Safety first

We need to teach our children to stay safe online   | Photo Credit: Freepik

With the entire world being practically shut down because of the Coronavirus pandemic since early 2020, most people ended up spending more of their lives online. Reports suggest, in 2020, India had nearly 700 million Internet users across the country.

Getting comfortable with working from home, seeking entertainment on streaming services, learning new skills online, indulging in online shopping, the lockdown made us adapt to changes which we never thought was possible.

Come 2021 and we find ourselves thriving on the opportunities the Internet has to offer. However, like everything else, this too has its share of disadvantages. Online safety has become a matter of great concern, across the globe, especially given the number of younger people who are now using the Internet.


The Internet has truly transformed how young people learn, socialise and communicate today, but the pressure to share intimate images, rising cases of cyberbullying and cyber scams, exposure to content that may promote self-harm, anorexia etc., make the youth more vulnerable and puts them at a greater risk.

The majority of young people today use smartphones for everything. Numerous apps are downloaded every day, thereby exposing sensitive personal information. With the boom in online shopping, financial information is knowingly or unknowingly shared to make online payments and thereby increasing the risk of sharing sensitive data.

Students, especially those in college, rely heavily on the Internet for their projects. Every time they open a link, pop-ups and links to unsafe websites appear. Clicking on these can lead to malware that can damage their devices and steal critical personal information.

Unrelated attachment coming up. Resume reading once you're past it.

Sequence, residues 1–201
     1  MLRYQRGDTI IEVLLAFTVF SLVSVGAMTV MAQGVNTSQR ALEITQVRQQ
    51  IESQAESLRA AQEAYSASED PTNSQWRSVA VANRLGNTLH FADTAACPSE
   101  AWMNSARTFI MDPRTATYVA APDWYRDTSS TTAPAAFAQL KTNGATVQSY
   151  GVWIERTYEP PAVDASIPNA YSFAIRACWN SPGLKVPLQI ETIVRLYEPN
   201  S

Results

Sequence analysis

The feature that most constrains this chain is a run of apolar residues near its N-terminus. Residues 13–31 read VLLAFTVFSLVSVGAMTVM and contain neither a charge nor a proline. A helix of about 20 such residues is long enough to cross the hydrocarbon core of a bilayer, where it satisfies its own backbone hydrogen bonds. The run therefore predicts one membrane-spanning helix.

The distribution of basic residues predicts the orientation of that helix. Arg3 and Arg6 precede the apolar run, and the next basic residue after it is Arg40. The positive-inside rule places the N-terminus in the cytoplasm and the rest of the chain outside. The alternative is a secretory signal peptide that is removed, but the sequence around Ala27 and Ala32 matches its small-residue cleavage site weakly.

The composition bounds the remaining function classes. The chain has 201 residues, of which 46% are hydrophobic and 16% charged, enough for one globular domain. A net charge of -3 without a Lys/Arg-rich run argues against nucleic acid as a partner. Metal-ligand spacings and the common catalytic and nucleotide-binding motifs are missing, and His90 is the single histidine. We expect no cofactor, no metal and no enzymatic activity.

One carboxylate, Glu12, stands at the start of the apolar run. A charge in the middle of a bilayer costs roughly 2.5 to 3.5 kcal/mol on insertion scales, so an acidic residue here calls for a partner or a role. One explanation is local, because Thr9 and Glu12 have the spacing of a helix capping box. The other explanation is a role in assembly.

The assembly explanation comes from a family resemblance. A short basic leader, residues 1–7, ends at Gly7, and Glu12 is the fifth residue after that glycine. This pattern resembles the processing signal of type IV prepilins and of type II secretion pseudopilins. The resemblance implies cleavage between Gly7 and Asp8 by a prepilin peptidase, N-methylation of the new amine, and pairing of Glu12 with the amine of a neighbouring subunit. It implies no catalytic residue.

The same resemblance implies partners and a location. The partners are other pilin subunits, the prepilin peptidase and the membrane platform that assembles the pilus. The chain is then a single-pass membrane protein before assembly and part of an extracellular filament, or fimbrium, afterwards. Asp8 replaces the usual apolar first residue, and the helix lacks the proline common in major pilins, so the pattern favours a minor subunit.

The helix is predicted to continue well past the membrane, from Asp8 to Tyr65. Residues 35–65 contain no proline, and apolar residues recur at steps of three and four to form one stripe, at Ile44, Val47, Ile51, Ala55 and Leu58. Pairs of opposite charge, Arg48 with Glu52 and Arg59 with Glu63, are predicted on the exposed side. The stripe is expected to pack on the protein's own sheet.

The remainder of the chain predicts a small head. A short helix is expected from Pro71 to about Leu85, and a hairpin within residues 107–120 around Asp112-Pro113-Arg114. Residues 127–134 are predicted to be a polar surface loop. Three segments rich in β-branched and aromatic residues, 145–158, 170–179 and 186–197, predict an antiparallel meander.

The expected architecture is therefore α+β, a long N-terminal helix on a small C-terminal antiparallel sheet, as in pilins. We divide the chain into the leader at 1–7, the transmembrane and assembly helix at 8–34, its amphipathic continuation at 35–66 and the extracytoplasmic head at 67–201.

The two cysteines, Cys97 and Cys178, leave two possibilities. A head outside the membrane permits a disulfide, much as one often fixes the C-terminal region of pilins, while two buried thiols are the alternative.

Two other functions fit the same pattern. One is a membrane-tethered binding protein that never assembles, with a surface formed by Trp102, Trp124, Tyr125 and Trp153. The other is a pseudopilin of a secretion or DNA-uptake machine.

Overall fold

Moreover, online scams in the form of contests, discounts, and free goodies, trick youngsters into sharing personal information, thereby leading to a risk of identity theft.

Apart from this, online grooming, cyberbullying and peer pressure, online social abuse and exploitation, and fatal online challenges such as the Blue Whale Challenge, which claimed over hundred lives across the world, are constant threats.

Safe Internet Day (February 9) offers a great opportunity to empower young people and make the Internet a safer and better place. Leaders, mentors, educationists, parents and guardians need to intervene and get involved.

What we can do

The safety of our children is our responsibility and we need to talk to them about safe Internet use, online dangers and threats, and equip them with the necessary skills and competencies.

Encourage children to check the reliability and credibility of online websites, keep their social media accounts private and avoid adding unsavoury people to their friend list can make a difference.

Students should know the importance of privacy and that it is ‘not okay’ to share their pictures with strangers or be harassed, bullied or humiliated online.

The need of the hour is to inculcate good online habits among the youth and develop their digital intelligence and socio-emotional skills. This Safe Internet Day, let us help them recognise online threats and safeguard themselves against it.

The writer is MD, Aakash Educational Services Limited.

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Printable version | Mar 1, 2021 5:31:01 AM |

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